The external fund manager backed by Berkshire Hathaway's Charlie Munger, Li Lu, makes no bones about it when he says 'The biggest investment risk is not the volatility of prices, but whether you will suffer a permanent loss of capital. So it might be obvious that you need to consider debt, when you think about how risky any given stock is, because too much debt can sink a company. We can see that Cosmo Films Limited (NSE:COSMOFILMS) does use debt in its business. But the real question is whether this debt is making the company risky.
Why Does Debt Bring Risk?
Generally speaking, debt only becomes a real problem when a company can't easily pay it off, either by raising capital or with its own cash flow. If things get really bad, the lenders can take control of the business. However, a more common (but still painful) scenario is that it has to raise new equity capital at a low price, thus permanently diluting shareholders. By replacing dilution, though, debt can be an extremely good tool for businesses that need capital to invest in growth at high rates of return. When we think about a company's use of debt, we first look at cash and debt together.
What Is Cosmo Films's Net Debt?
As you can see below, Cosmo Films had ₹8.11b of debt, at March 2019, which is about the same the year before. You can click the chart for greater detail. However, it also had ₹1.60b in cash, and so its net debt is ₹6.52b.
How Strong Is Cosmo Films's Balance Sheet?
The latest balance sheet data shows that Cosmo Films had liabilities of ₹6.57b due within a year, and liabilities of ₹5.36b falling due after that. Offsetting these obligations, it had cash of ₹1.60b as well as receivables valued at ₹2.43b due within 12 months. So it has liabilities totalling ₹7.90b more than its cash and near-term receivables, combined.
This deficit casts a shadow over the ₹3.95b company, like a colossus towering over mere mortals. So we'd watch its balance sheet closely, without a doubt At the end of the day, Cosmo Films would probably need a major re-capitalization if its creditors were to demand repayment.
We measure a company's debt load relative to its earnings power by looking at its net debt divided by its earnings before interest, tax, depreciation, and amortization (EBITDA) and by calculating how easily its earnings before interest and tax (EBIT) cover its interest expense (interest cover). This way, we consider both the absolute quantum of the debt, as well as the interest rates paid on it.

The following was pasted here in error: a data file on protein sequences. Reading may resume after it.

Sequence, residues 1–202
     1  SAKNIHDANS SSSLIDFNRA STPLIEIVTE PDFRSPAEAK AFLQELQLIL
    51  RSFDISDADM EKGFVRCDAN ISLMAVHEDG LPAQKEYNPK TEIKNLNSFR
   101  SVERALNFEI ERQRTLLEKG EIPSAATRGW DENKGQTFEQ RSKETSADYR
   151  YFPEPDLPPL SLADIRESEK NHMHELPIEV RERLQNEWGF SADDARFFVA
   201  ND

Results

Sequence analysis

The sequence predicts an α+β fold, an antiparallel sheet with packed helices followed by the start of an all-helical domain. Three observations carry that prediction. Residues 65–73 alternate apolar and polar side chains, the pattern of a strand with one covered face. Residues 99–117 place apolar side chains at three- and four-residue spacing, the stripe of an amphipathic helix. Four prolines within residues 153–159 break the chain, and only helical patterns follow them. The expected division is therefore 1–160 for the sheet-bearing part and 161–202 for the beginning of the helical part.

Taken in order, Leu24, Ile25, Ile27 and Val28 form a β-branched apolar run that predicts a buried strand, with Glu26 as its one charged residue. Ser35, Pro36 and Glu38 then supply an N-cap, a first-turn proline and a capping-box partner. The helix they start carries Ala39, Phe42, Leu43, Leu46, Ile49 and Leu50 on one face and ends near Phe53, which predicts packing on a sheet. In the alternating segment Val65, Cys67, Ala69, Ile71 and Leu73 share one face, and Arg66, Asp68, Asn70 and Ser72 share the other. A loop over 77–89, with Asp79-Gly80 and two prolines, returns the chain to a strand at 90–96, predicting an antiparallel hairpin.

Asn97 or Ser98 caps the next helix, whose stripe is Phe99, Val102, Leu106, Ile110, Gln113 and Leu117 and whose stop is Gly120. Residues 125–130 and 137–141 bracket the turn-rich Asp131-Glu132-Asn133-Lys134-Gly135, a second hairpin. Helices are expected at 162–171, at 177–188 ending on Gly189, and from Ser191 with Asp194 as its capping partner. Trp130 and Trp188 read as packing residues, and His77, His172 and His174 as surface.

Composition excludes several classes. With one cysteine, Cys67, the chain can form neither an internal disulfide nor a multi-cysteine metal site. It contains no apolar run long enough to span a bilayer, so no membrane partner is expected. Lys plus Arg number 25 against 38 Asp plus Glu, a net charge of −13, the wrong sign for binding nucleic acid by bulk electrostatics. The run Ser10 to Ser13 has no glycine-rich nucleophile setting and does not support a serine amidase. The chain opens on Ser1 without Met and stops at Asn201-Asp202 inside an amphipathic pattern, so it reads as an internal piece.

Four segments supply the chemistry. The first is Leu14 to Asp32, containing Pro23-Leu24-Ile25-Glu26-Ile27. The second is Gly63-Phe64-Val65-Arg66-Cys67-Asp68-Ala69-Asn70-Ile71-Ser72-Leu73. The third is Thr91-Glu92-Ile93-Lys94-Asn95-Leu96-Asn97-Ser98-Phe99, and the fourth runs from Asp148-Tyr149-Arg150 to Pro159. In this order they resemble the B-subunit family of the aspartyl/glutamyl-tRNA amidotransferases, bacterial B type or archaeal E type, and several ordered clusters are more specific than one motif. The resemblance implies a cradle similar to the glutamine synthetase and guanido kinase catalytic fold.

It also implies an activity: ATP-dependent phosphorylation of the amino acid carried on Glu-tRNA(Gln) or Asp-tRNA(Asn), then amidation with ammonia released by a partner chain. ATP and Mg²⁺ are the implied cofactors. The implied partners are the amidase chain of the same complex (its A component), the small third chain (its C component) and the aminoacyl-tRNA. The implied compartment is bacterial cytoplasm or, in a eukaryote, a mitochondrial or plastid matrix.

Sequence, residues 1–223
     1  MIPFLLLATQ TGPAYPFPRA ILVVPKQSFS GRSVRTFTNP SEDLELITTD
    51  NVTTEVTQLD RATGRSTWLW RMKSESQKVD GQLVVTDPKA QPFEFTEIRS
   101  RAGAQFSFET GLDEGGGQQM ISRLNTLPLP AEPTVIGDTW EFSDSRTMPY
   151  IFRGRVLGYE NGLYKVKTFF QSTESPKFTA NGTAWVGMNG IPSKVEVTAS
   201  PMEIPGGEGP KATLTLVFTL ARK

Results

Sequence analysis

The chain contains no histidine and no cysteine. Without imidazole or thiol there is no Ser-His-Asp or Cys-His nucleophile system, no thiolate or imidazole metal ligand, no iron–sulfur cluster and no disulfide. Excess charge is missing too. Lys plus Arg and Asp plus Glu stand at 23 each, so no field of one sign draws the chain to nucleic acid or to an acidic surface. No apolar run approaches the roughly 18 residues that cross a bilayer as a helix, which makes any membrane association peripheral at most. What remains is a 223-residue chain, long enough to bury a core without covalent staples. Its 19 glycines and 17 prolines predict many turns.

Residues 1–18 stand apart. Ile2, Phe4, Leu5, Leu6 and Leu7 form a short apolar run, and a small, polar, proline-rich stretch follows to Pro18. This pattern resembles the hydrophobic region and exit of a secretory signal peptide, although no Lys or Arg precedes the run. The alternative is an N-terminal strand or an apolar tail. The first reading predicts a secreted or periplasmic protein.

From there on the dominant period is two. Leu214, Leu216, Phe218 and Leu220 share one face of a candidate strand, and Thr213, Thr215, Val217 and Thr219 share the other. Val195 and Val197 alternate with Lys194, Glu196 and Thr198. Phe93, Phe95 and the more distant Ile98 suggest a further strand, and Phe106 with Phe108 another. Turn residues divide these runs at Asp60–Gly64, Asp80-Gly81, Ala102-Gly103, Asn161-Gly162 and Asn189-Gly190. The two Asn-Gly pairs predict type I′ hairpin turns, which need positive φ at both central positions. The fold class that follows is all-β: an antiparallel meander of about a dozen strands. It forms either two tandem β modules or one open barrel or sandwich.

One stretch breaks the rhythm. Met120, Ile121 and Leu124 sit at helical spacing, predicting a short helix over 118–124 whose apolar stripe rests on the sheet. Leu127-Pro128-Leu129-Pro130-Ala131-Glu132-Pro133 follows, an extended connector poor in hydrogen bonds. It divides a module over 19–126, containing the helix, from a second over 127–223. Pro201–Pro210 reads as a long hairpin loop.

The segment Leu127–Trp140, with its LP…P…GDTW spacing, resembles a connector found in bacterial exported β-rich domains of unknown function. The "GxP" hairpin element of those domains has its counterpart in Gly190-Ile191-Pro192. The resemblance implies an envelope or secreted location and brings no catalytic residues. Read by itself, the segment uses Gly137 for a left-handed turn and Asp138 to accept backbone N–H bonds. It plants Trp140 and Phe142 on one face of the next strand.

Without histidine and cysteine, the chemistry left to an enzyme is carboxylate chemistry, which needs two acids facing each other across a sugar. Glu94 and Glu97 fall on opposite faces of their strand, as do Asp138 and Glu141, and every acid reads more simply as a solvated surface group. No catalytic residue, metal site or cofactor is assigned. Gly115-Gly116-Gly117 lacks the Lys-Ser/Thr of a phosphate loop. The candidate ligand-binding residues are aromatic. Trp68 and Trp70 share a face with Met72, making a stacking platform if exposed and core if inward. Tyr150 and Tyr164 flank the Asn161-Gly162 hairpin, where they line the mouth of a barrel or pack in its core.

Cosmo Films has a debt to EBITDA ratio of 3.5 and its EBIT covered its interest expense 3.8 times. This suggests that while the debt levels are significant, we'd stop short of calling them problematic. On a lighter note, we note that Cosmo Films grew its EBIT by 21% in the last year. If it can maintain that kind of improvement, its debt load will begin to melt away like glaciers in a warming world. When analysing debt levels, the balance sheet is the obvious place to start. But it is future earnings, more than anything, that will determine Cosmo Films's ability to maintain a healthy balance sheet going forward. So if you want to see what the professionals think, you might find this free report on analyst profit forecasts to be interesting.
But our final consideration is also important, because a company cannot pay debt with paper profits; it needs cold hard cash. So we clearly need to look at whether that EBIT is leading to corresponding free cash flow. Over the last three years, Cosmo Films recorded negative free cash flow, in total. Debt is far more risky for companies with unreliable free cash flow, so shareholders should be hoping that the past expenditure will produce free cash flow in the future.
On the face of it, Cosmo Films's conversion of EBIT to free cash flow left us tentative about the stock, and its level of total liabilities was no more enticing than the one empty restaurant on the busiest night of the year. But at least it's pretty decent at growing its EBIT; that's encouraging. We're quite clear that we consider Cosmo Films to be really rather risky, as a result of its balance sheet health. So we're almost as wary of this stock as a hungry kitten is about falling into its owner's fish pond: once bitten, twice shy, as they say. Given our concerns about Cosmo Films's debt levels, it seems only prudent to check if insiders have been ditching the stock.
If, after all that, you're more interested in a fast growing company with a rock-solid balance sheet, then check out our list of net cash growth stocks without delay.
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